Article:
ARARIPE BASIN, Brazil—A prehistoric mayfly thought to have a lifespan of days or minutes has managed to survive as a fossil for up to 125 million years.
University researchers found the fossil in Brazil’s Crato Formation, an Early Cretaceous geologic formation located in the Araripe Basin, an 8,000-square kilometers (roughly 3,100 square miles) rift basin in the country’s northeast.
The researchers, from the Federal University of Espirito Santo, the Regional University of Cariri and the Federal University of Vicosa, published their findings in an Oct. 28 press release.
The fossil they collected belongs to the order Ephemeroptera, making it a type of mayfly. During their larval stage, these flying insects are aquatic.
There are more than 3,000 species of mayfly worldwide. They are grouped into over 400 genera in 42 families.
The Brazilian paleontologists found the fossil of an adult insect they claim is a new species, genus and subfamily. The rock it was found in dates from the Early Cretaceous period, between 113 and 125 million years ago, when Africa and South America were still separating from Pangea.
The fossil has been classed as belonging to the Oligoneuriidae family of brushleg mayflies. It has been named Incogemina nubila, which means “incomplete gemination” in Latin, referring to the pattern of the veins in its wings. The term ‘”nubila” means cloudy, after the grayish color of the limestone in which the fossil was preserved.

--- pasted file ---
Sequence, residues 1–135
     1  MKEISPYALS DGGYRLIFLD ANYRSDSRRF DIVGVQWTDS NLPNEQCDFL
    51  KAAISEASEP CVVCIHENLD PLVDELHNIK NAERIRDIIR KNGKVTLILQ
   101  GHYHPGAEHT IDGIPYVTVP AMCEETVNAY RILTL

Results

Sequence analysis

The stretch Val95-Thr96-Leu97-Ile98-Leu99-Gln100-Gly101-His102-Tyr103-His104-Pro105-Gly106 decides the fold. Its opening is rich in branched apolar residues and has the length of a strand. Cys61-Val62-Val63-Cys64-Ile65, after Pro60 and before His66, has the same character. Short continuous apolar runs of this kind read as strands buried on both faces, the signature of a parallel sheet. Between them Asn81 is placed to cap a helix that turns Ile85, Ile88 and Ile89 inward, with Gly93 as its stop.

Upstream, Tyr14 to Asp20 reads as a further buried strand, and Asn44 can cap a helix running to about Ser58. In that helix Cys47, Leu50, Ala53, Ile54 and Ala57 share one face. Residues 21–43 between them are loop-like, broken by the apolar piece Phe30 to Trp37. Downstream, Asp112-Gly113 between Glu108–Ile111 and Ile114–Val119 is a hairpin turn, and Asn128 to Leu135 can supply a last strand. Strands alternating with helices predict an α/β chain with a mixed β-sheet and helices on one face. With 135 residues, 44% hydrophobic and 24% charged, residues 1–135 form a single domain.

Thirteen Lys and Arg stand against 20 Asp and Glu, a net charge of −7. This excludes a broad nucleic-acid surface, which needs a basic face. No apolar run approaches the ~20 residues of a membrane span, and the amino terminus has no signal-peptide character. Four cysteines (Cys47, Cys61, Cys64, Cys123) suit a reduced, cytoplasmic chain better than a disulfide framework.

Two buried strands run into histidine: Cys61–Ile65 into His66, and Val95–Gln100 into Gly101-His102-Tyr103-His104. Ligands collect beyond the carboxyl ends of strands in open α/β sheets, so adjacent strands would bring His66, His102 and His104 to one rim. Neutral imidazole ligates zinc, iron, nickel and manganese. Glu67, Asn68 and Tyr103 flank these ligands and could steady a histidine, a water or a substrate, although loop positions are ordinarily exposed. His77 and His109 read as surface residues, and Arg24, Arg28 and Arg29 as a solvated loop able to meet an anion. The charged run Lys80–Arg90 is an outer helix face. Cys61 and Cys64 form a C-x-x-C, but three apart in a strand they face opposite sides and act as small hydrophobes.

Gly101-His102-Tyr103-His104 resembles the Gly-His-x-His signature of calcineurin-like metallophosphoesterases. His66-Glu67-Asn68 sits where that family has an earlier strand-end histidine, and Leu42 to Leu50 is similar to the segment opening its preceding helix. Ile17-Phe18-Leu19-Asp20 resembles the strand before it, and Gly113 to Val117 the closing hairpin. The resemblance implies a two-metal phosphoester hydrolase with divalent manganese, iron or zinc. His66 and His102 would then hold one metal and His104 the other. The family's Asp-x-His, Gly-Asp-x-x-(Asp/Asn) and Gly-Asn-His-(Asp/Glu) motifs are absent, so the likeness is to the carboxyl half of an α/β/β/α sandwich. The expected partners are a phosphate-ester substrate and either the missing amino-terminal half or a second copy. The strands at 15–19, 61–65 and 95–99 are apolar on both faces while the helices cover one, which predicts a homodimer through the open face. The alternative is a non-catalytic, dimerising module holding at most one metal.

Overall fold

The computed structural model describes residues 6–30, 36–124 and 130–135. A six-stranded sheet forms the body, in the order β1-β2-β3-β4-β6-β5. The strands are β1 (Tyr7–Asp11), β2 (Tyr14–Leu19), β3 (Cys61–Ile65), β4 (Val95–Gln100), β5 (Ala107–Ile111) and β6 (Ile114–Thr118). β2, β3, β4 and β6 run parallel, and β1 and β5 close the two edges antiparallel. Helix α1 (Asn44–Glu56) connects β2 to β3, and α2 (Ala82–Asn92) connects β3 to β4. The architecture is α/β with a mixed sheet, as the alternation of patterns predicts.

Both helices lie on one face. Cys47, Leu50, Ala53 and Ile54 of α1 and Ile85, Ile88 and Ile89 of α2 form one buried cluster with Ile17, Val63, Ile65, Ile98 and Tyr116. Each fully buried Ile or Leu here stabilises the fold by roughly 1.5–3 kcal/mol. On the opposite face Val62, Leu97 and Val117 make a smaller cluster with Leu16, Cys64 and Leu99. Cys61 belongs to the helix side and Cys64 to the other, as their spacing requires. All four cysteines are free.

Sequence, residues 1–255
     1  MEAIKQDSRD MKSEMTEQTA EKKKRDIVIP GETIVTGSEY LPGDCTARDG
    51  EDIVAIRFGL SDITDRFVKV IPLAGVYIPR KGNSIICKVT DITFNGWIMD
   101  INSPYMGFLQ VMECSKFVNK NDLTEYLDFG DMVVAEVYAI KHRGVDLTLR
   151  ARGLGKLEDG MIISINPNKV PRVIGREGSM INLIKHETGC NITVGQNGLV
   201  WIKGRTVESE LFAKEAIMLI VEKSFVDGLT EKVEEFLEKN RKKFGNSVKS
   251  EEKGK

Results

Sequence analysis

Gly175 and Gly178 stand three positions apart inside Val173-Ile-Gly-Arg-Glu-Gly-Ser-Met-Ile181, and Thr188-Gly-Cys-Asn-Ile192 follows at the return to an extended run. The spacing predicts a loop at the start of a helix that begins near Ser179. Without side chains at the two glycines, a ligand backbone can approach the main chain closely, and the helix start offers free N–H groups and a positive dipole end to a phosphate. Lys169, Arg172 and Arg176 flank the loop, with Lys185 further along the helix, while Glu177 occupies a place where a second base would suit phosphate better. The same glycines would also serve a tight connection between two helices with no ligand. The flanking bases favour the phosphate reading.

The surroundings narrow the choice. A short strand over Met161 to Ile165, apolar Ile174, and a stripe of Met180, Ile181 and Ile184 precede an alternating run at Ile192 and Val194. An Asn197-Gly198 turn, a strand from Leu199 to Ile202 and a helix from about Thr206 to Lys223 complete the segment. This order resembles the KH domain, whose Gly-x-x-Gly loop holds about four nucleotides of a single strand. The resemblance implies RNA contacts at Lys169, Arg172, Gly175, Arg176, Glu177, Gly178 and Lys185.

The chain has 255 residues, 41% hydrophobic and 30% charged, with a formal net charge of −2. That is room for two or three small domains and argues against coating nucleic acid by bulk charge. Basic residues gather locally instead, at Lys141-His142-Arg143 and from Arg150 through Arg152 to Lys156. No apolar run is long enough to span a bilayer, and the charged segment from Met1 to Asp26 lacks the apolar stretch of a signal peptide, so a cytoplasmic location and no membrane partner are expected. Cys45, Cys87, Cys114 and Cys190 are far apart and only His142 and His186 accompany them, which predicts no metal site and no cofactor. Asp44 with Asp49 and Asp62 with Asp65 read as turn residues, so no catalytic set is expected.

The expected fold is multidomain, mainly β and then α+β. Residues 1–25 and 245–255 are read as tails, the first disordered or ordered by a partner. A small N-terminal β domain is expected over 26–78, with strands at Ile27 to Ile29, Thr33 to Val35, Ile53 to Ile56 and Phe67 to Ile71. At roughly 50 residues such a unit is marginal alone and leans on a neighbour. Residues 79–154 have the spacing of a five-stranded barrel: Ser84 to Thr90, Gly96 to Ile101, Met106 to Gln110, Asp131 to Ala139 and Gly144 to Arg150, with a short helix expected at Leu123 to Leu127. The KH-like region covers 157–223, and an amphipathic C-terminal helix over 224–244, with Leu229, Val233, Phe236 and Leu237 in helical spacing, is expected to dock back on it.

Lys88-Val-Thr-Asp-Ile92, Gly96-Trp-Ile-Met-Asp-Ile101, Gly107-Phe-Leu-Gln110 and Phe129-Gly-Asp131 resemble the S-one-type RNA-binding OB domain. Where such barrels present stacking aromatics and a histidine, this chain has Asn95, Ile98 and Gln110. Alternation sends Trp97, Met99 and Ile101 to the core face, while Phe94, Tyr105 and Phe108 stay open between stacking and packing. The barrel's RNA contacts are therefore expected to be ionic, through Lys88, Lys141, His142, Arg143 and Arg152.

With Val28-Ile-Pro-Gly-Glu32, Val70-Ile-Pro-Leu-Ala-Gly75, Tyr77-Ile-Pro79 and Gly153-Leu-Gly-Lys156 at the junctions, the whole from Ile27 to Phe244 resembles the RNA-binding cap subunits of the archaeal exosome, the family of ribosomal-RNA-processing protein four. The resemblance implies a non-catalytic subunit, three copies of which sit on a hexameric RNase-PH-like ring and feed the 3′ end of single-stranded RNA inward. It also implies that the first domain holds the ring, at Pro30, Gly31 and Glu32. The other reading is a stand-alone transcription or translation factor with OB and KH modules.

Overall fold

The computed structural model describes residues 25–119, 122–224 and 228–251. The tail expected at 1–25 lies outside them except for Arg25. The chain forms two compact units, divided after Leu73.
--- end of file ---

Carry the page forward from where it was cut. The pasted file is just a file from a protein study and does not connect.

Fossils of the order Ephemeroptera are common in the Crato Formation. However, those from the family Oligoneuriidae are rare. In fact, it is only the second fossil found in the world of an adult from this family.
“The place where the Incogemina nubila was found [means] it’s possible to plan collections in order to retrieve more fossils of this rare species,” paleontologist Taissa Radrigues said.
The team hopes the find will aid in discovering new information about how mayflies evolved.
Like their ancestors, today’s mayflies are relatively small. But present-day mayflies make a sizable contribution to the world in various ways, including a central role in the sport of fly-fishing.
“Both nymphal and adult mayflies are an important food source for economically important sportfish, such as trout and salmon,” a recent report on mayflies’ ecological and economic impacts found. “Many sport fishers are highly skilled at tying mayfly ‘flies’ as lures for use in fishing.” The more realistic the lure, the greater chance of success.
(Edited by Fern Siegel and Matthew Hall)
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